At the COP28 climate summit in Dubai this December, the climate change world was waiting with bated breath for a final document that would declare war on fossil fuels. The 70,000 delegates at the United Nations-sponsored event in the oil-rich nation of the United Arab Emirates hoped for a radical turning point where countries might agree to the “phase-out” of the production and consumption of oil, gas and coal by mid-century.
For much of the conference, the debate was centered on whether to use the term “phase-out” or “phase-down” to describe the pace of the process to keep world temperature increase frozen at 1.5 degrees Celsius. Either term would put energy companies on notice that their days are numbered.
The climate change movement has been waiting for this strong commitment for thirty years. However, delegates were horrified to learn that the final draft document consisted of a watered-down agreement that did not mention fossil fuels and recommended actions that “could” be taken to reduce carbon footprints. There was no sense of urgency, drastic action plans, or concrete timelines.
The climate lobby was shocked and extended the deadline for the final document, working around the clock to hammer out something presentable. The final product was deemed a victory, although “phase-out” or “phase-down” were not mentioned. A softer term, “transition away,” to alternative fuel sources was inserted in this non-binding loophole-filled directive that satisfied no one.
Despite all the media fanfare declaring victory, climate change scientists are calling the cop-out at COP28 “devastating and “dangerous.” One called it a “dream outcome” for the oil industry.” A Wall Street Journal editorial called it a “phony promise,” adding, “The point of the deal is to preserve the West’s illusion that its climate policies are accomplishing something.”
Prof. Michael Mann, a climatologist from the University of Pennsylvania, declared that “To ‘transition away from fossil fuels’ was weak tea at best. It’s like promising your doctor that you will ‘transition away from donuts’ after being diagnosed with diabetes.”
The lackluster policies seem to be standard fare for the COP meetings held almost yearly to realign worldwide commitments to climate change goals. The meetings, a conference of parties (COP), revisit the themes discussed by the “parties” at the first COP meeting in Rio de Janeiro in 1992. They usually feature many heads of state and government officials representing some 200 nations. Climate radicals complain that the meetings generally accomplish little—save to emit carbon from the tens of thousands that travel to attend.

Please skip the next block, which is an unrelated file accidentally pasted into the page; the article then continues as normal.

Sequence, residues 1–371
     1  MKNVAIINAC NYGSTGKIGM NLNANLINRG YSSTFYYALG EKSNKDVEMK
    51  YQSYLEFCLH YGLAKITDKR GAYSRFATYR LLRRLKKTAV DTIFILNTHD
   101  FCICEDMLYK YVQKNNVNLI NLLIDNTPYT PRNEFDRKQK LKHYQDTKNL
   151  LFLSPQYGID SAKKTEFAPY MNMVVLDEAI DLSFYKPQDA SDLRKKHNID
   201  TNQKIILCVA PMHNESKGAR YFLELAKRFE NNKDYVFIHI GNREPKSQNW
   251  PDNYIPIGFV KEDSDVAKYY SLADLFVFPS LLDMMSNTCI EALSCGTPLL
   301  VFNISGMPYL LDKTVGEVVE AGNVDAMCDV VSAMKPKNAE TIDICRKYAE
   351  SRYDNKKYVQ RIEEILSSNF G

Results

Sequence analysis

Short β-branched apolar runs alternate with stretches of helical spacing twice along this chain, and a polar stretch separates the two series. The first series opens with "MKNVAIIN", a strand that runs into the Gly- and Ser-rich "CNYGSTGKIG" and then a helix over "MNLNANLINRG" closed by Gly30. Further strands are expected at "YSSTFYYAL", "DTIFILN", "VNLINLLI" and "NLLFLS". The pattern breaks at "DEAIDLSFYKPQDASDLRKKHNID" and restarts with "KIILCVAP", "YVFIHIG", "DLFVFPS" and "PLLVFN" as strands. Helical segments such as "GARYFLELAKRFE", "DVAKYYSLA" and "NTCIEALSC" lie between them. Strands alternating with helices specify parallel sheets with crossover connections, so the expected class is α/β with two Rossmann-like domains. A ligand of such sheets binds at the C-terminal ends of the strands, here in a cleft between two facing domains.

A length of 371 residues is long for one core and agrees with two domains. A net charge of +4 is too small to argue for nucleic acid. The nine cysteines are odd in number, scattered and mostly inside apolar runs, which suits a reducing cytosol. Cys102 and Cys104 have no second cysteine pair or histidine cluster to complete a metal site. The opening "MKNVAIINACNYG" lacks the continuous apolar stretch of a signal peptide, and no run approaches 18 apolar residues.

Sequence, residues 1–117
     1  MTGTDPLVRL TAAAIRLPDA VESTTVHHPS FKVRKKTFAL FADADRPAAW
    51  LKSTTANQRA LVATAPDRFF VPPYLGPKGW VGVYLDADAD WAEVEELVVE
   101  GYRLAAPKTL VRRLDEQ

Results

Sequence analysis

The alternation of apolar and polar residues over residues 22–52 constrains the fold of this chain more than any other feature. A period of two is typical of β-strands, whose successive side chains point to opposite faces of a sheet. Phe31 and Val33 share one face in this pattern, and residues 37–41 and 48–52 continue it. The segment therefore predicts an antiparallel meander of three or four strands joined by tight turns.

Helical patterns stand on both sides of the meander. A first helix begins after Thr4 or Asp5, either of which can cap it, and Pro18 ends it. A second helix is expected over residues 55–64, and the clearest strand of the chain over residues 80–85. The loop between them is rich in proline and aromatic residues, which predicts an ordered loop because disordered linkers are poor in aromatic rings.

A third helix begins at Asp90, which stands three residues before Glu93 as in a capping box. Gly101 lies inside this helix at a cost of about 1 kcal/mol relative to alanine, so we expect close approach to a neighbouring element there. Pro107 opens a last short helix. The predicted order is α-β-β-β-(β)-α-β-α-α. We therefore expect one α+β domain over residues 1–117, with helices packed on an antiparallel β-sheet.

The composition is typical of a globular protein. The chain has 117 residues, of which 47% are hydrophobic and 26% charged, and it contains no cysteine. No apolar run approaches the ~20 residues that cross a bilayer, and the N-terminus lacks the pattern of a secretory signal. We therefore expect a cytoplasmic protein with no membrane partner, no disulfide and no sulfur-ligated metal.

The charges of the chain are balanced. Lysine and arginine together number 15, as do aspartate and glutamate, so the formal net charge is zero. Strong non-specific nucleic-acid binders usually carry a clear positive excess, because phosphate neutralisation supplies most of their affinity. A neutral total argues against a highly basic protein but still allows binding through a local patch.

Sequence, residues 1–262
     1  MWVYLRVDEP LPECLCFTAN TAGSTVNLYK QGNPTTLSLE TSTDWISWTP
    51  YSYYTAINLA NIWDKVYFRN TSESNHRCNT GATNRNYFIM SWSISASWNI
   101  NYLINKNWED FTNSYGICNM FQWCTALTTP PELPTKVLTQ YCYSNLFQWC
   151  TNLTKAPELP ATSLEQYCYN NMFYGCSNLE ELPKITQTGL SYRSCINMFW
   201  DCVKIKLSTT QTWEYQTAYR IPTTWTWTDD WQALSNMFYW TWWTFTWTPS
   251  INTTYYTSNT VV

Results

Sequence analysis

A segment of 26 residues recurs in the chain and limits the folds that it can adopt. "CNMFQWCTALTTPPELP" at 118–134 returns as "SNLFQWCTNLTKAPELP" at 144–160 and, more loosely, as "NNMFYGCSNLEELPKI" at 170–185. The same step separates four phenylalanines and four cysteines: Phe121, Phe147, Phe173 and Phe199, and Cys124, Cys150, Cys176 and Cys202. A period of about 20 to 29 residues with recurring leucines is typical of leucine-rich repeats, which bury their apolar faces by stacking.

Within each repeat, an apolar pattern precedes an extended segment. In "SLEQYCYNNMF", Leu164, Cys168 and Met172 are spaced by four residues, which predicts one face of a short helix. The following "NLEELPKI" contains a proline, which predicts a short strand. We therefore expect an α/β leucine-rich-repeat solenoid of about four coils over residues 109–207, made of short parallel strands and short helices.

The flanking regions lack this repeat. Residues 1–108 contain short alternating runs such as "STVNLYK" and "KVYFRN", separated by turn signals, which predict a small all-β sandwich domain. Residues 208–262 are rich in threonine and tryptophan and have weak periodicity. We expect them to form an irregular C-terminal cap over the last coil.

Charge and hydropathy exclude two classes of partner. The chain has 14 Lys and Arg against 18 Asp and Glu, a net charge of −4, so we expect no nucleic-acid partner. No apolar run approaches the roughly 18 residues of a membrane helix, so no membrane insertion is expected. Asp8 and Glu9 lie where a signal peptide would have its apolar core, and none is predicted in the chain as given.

In his recent Apostolic Exhortation Laudate Deum, Pope Francis bitterly complained of the failure of past conferences and held high hopes for the COP28 event, which sickness prevented him from attending. President Joe Biden, China’s Xi Jinping and Russia’s Vladimir Putin were conspicuously absent, which many saw as a bad omen, demonstrating a lack of commitment.
The event was further shaken by an interview with COP28 president Sultan Al Jaber, who declared that “There is no science out there, or no scenario out there, that says that the phase-out of fossil fuel is what’s going to achieve 1.5C.” The statement, later walked back a bit, bordered on climate denial heresy. The sultan is also the chief executive of the United Arab Emirates’ state oil company, Adnoc.
Meanwhile, China and other developing countries remain committed to building more coal power plants. Oil production, including in the United States, is scheduled to go up, not down, over the coming years.
When even the event’s president is not entirely on board with the crisis narrative, it makes it hard to find its message believable. Something is seriously wrong with the climate crisis movement if it can only secure tiny incremental changes despite the immense resources and favorable media that all things ecological enjoy.
The movement is in crisis. It can’t get its messaging right. It fails even when followers gather exclusively to craft statements and action plans. Activists seem doomed to bounce from COP to COP without passing their agendas—emitting tons of carbon on their way to their far-flung destinations (see you next year in Azerbaijan). Their hysterical message does not resonate or move people to action. It only seems to call for more carbon-heavy conferences and the distribution of lavish eco-subsidies to leftist NGOs.
Perhaps another kind of phase-out can be proposed. It is time to phase out the climate crisis. Tone it down. Make it believable. Listen to, don’t cancel, scientists who want to present another side of the debate.
The constant barrage of climate alarmism causes fatigue in public opinion. The dire predictions, “hockey stick” graphs and “population bomb” datelines that fail to deliver an apocalypse rightly cause great skepticism. Blaming every freak weather storm, natural disaster, or even socio-political crisis on climate change destroys the credibility of “the science” that should seek empirical evidence, not political agendas.
A phase-out or even a gradual phase-down of the eco-rhetoric and its accompanying climate summits would be a welcome relief for a public tired of being told inconvenient untruths.